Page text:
If you ever wondered why there are so few Dunkin’ Donuts shops in California and Los Angeles compared to the rest of the country and why there are dozens of smaller donut shops everywhere, Ted Ngoy aka “The Donut King” is the reason why.
Ngoy is a Cambodian refugee who came to American in 1975 and founded an empire of donut shops across the West coast. But as the documentary “The Donut King” about his life shows he cooked up more than round pastries when he got here.
“The Donut King” is a documentary by Alice Gu and was an official selection of the canceled 2020 SXSW Film Festival, but it will now debut online and in select theaters from Greenwich Entertainment on October 30 after playing the rounds of a handful of fall film festivals.
Gu shows in the film that you can still see Ngoy’s influence in Los Angeles today with the sheer number of donut shops around town, and an expert in the film says that his control was so widespread in the ’70s that despite the best efforts by Dunkin’ Donuts to break through, they eventually gave up.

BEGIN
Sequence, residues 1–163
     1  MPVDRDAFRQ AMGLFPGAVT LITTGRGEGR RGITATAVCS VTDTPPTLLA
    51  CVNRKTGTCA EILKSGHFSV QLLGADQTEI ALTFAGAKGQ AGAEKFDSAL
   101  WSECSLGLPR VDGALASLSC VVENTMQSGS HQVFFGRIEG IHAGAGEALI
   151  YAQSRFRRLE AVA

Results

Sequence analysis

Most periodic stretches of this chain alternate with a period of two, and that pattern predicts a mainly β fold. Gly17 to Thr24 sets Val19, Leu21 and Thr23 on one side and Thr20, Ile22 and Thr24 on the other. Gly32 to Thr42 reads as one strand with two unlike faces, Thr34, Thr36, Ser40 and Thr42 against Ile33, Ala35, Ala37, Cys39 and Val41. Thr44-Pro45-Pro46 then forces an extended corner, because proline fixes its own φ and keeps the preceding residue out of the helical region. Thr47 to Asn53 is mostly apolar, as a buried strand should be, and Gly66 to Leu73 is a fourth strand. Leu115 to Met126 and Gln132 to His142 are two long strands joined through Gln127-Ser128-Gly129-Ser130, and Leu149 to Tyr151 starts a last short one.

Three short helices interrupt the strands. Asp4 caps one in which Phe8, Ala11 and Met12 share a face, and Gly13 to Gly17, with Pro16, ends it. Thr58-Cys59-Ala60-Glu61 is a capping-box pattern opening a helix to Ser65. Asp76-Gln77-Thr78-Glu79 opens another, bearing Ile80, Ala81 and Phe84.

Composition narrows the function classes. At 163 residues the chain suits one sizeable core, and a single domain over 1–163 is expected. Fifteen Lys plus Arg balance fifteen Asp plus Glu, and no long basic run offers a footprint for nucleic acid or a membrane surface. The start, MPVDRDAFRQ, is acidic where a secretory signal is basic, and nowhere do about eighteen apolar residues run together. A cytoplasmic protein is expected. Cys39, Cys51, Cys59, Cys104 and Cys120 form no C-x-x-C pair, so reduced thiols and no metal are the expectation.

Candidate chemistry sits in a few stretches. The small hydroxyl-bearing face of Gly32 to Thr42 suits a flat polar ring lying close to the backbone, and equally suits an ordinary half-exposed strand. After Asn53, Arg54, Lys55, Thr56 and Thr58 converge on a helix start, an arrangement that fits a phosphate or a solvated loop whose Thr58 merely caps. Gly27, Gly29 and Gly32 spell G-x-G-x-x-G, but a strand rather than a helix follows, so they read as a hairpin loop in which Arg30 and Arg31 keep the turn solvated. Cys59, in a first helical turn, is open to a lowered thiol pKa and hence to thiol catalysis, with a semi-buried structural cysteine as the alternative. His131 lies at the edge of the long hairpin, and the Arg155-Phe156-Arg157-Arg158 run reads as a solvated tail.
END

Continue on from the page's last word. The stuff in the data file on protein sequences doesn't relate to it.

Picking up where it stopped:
But Ngoy built his empire by sponsoring hundreds of visas for fellow Cambodian immigrants and helped them build their own donut businesses, teaching them the ropes and helping them get on their feet and build their own families. “The Donut King” explains that by the mid-90s, Cambodian Americans owned nearly 80% of the donut industry as a result of Ngoy’s influence. That is until Ngoy’s fall.
“Imagine, a man with nothing, penniless, comes to the most powerful country in the world, and he built something,” Ngoy says of the American Dream, one that even earned him a visit from President Bush Sr. “I lost everything, believe me, everything.”
Check out the trailer for “The Donut King” above.